Skip to content

Allenby could reopen with single alternating lane traffic this summer

The long closed Allenby Road may reopen this summer, but only for single alternating lane traffic.
A landslide prompted Emcon Services Inc. to close Allenby Road between Miller and Boys Roads in Duncan after heavy rains in November. (Emcon Services photo/Twitter)

The long closed Allenby Road may reopen this summer, but only for single alternating lane traffic.

Cowichan Tribes’ June newsletter states that the First Nation’s Lulumexun Lands and Self Governance department, which is responsible for all the First Nation’s lands, has been working closely with the Ministry of Transportation and Infrastructure on the work required to restore access to Allenby Road, an important traffic artery in the south of Duncan, and alleviate the traffic congestion in that area following recent drone LIDAR surveys that were taken.

Allenby Road has been closed since November, 2021, after the historic flooding event that struck the Cowichan Valley caused a couple of landslides that buried part of Allenby Road, between Miller and Boys Roads, in debris.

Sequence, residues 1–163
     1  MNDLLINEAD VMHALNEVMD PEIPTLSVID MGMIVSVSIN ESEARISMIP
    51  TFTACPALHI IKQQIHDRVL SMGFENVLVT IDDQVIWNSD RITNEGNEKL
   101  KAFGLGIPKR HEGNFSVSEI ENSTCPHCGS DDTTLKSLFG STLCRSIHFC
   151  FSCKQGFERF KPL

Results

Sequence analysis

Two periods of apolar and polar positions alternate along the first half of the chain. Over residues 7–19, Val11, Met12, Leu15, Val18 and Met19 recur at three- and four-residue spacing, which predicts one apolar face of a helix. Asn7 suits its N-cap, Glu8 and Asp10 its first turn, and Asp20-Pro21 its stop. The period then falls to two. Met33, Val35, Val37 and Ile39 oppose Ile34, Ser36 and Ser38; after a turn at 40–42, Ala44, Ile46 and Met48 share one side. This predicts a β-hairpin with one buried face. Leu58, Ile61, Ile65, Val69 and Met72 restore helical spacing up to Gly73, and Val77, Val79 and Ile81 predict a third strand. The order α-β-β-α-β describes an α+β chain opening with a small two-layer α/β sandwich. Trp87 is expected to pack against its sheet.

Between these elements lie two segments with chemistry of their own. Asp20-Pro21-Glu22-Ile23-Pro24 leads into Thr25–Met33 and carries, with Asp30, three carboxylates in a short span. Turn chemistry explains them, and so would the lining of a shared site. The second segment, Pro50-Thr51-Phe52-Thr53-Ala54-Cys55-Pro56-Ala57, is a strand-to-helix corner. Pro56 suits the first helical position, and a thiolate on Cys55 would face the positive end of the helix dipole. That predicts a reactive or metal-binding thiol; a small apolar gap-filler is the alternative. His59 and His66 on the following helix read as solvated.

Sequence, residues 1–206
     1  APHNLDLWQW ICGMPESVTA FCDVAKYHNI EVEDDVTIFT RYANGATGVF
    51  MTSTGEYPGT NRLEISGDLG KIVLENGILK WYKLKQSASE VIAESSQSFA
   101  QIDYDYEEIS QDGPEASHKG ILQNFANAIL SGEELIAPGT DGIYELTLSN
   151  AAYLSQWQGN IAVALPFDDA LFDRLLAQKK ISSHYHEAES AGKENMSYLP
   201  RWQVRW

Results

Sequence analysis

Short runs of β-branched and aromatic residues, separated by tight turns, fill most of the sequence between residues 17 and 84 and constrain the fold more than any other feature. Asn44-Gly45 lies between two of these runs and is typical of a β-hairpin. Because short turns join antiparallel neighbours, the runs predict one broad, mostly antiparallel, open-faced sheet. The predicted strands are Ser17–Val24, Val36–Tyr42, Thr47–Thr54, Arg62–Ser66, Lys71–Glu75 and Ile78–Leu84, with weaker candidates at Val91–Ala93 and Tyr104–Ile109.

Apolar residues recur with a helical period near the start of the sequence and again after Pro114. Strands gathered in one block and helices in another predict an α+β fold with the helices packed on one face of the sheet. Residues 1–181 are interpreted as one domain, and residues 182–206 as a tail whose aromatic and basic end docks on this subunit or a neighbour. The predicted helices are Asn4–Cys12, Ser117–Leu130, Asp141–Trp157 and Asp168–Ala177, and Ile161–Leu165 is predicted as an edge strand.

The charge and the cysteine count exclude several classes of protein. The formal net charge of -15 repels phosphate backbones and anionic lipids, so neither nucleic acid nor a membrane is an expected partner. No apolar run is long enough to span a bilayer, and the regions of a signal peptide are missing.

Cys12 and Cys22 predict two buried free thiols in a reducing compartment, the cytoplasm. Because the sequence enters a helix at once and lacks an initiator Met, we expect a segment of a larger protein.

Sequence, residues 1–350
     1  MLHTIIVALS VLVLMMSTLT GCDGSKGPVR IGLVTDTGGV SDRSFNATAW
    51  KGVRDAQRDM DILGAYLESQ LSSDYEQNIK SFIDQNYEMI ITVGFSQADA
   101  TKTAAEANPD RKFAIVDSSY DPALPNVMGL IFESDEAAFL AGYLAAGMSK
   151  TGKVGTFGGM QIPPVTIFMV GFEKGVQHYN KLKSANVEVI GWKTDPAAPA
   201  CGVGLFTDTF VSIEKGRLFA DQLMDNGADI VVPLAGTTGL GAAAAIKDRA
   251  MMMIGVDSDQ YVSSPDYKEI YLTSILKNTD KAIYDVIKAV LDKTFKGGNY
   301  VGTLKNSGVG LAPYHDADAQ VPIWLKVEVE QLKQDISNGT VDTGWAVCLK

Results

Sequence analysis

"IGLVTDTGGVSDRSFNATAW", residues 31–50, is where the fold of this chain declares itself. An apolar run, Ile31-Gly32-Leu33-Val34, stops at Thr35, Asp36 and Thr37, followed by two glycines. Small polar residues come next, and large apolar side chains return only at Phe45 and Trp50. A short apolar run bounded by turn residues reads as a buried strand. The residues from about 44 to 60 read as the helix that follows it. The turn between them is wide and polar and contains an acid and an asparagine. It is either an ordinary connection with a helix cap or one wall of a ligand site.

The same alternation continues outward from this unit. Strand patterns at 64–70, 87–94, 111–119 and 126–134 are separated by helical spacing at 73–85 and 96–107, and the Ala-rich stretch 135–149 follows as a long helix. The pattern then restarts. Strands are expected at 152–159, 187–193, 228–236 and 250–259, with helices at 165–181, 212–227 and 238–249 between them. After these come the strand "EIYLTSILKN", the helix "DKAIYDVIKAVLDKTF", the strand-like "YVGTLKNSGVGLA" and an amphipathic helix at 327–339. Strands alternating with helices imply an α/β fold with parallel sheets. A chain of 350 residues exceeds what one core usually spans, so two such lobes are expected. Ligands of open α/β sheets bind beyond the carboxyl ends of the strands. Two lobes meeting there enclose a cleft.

The area where the landslide occurred is on land belonging to Cowichan Tribes, and the First Nation has been working with MoTI in efforts to reopen the road since the landslides occurred.

Opening one lane of Allenby Road this summer would allow the stability work to continue on the adjacent hill where the landslides occurred.

“The project team acknowledges that the partial reopening is a short-term solution and that long-term slope repair options are still in the design stage,” the newsletter said.

“Nevertheless, comprehensive technical analysis has confirmed that long-term rock blanket, shotcrete and soil anchor solutions are viable. The Crown and Cowichan Tribes continue to discuss funding and liability issues surrounding these long-term options. Lulumexun will continue to prioritize safety and prevention of any disruption to natural habitats and waterways throughout any forthcoming construction work.”

North Cowichan councillor Debra Toporowski, who is also a councillor on Cowichan Tribes board, said at a North Cowichan council meeting on June 4 that it usually takes a long time to conduct and complete the work required in areas impacted by landslides, and pointed to the many years Cowichan Bay Road has been experiencing flooding and landslides.

“It was a fight getting the government to help pay for (the required hillside stability work needed to reopen Allenby Road), and not have the (Cowichan Tribes)community pay for it all,” Toporowski said